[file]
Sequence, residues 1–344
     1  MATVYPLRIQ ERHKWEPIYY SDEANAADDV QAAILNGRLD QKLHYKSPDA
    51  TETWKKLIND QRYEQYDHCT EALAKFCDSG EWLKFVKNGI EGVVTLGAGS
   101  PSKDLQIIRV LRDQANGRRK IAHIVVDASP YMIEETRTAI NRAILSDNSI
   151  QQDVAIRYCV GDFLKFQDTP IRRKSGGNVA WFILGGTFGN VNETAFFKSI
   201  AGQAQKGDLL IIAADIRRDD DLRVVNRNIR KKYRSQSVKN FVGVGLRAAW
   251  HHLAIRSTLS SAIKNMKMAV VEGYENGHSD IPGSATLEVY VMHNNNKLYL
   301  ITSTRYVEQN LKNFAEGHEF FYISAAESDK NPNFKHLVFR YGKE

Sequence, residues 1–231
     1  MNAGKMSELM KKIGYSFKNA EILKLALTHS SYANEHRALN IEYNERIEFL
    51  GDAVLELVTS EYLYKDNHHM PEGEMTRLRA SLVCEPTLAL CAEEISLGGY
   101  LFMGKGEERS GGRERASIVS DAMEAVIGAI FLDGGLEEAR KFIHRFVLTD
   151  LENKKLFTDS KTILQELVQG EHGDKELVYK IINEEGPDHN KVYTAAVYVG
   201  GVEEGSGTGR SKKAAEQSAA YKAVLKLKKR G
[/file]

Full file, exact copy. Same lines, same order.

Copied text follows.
Sequence, residues 1–344
     1  MATVYPLRIQ ERHKWEPIYY SDEANAADDV QAAILNGRLD QKLHYKSPDA
    51  TETWKKLIND QRYEQYDHCT EALAKFCDSG EWLKFVKNGI EGVVTLGAGS
   101  PSKDLQIIRV LRDQANGRRK IAHIVVDASP YMIEETRTAI NRAILSDNSI
   151  QQDVAIRYCV GDFLKFQDTP IRRKSGGNVA WFILGGTFGN VNETAFFKSI
   201  AGQAQKGDLL IIAADIRRDD DLRVVNRNIR KKYRSQSVKN FVGVGLRAAW
   251  HHLAIRSTLS SAIKNMKMAV VEGYENGHSD IPGSATLEVY VMHNNNKLYL
   301  ITSTRYVEQN LKNFAEGHEF FYISAAESDK NPNFKHLVFR YGKE

Sequence, residues 1–231
     1  MNAGKMSELM KKIGYSFKNA EILKLALTHS SYANEHRALN IEYNERIEFL
    51  GDAVLELVTS EYLYKDNHHM PEGEMTRLRA SLVCEPTLAL CAEEISLGGY
   101  LFMGKGEERS GGRERASIVS DAMEAVIGAI FLDGGLEEAR KFIHRFVLTD
   151  LENKKLFTDS KTILQELVQG EHGDKELVYK IINEEGPDHN KVYTAAVYVG
   201  GVEEGSGTGR SKKAAEQSAA YKAVLKLKKR G